Physiological and pathological consequences of identification of very small embryonic like (VSEL) stem cells in adult bone marrow.

Stem Cell Biology Program at James Graham Brown Cancer Center, University of Louisville, Louisville, KY 40202, USA.
Journal of physiology and pharmacology: an official journal of the Polish Physiological Society (Impact Factor: 2.72). 12/2006; 57 Suppl 5:5-18.
Source: PubMed

ABSTRACT Bone marrow (BM) contains a population of self-renewing hematopoietic stem cells (HSC) that give rise to cells from all hemato-lymphopoietic lineages. The concept that HSC could also be plastic and be able to transdifferentiate into stem/progenitor cells for different non-hematopoietic tissues became one of the most controversial issues of modern stem cell biology. Accumulating experimental evidence suggests that contribution of BM-derived stem cells to organ/tissue regeneration could be explained not by plasticity (transdifferentiation) of HSC but rather by the presence of non-hematopoietic stem cells in BM. In this review new evidence will be presented, that adult BM contains a small population of pluripotent very small embryonic-like (VSEL) stem cells. These cells are deposited in BM early during ontogenesis and could be mobilized from BM and circulate in peripheral blood during tissue/organ injury in an attempt to regenerate damaged organs. However, if these cells are mobilized at the wrong time and migrate to the wrong place they may contribute to the development of several pathologies, including tumor formation.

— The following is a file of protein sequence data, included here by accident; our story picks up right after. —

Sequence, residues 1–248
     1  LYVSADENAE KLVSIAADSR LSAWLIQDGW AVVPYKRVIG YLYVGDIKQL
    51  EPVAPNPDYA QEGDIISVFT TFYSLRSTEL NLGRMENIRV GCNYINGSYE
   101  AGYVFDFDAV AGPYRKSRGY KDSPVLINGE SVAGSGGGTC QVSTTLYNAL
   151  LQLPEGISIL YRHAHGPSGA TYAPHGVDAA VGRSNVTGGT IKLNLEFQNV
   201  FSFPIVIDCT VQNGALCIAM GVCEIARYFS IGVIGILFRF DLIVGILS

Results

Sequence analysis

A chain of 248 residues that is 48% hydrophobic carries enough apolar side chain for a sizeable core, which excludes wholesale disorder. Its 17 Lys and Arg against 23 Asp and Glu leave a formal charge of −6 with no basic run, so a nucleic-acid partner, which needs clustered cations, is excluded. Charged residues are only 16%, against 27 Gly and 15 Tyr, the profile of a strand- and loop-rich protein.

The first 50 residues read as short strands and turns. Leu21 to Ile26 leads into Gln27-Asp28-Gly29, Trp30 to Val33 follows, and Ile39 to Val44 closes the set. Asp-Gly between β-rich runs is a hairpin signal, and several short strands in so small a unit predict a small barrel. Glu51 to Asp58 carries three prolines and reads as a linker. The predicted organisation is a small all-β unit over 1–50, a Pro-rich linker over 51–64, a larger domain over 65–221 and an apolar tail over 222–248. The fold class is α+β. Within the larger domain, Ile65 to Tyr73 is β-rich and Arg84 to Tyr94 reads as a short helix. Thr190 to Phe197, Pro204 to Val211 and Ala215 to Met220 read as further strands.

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    ABSTRACT: The adult bone marrow (BM) harbors Sca-1+/Lin-/CD45- pluripotent very small embryonic-like stem cells (VSELs), which can differentiate in vitro into several lineages, including cardiac and vascular lineages. Since mobilization of stem/progenitors from the BM is a prerequisite for their participation in organ repair, we investigated whether VSELs are mobilized into the peripheral blood (PB) after acute myocardial infarction (MI). Wild-type mice (C57BL/6 strain, 6- or 15-wk-old) underwent a 30-min coronary occlusion followed by reperfusion (groups III-V, VIII-X, n=6-12/group) or a 1-hour open-chest state (sham controls, groups II and VII, n=8-12/group); mice were sacrificed 24 h, 48 h, or 7 days later and PB samples were harvested. Controls (groups I and VI, n=6/group) were sacrificed without any intervention. By flow cytometry, VSELs were barely detectable in PB under baseline conditions but their levels increased significantly at 48 h after MI, both in younger (6-wk-old) and older (15-wk-old) mice (3.33+/-0.37 and 7.10+/-0.89 cells/microl of blood, respectively). At 48 h after MI, qRT-PCR analysis revealed significantly increased levels of mRNA of markers of pluripotency (Oct-4, Nanog, Rex-1, Rif1, and Dppa1) in PB cells of 6-wk-old (but not 15-wk-old) infarcted mice compared with either controls or sham controls. Confocal microscopy and ImageStream analysis confirmed that mobilized VSELs expressed Oct-4 protein, while Sca-1+/Lin-/CD45+ hematopoietic stem cells did not. This is the first demonstration that Oct-4+ pluripotent stem cells (VSELs) are mobilized from the BM into the PB after acute MI. This phenomenon may have pathophysiological and therapeutic implications for repair of infarcted myocardium.
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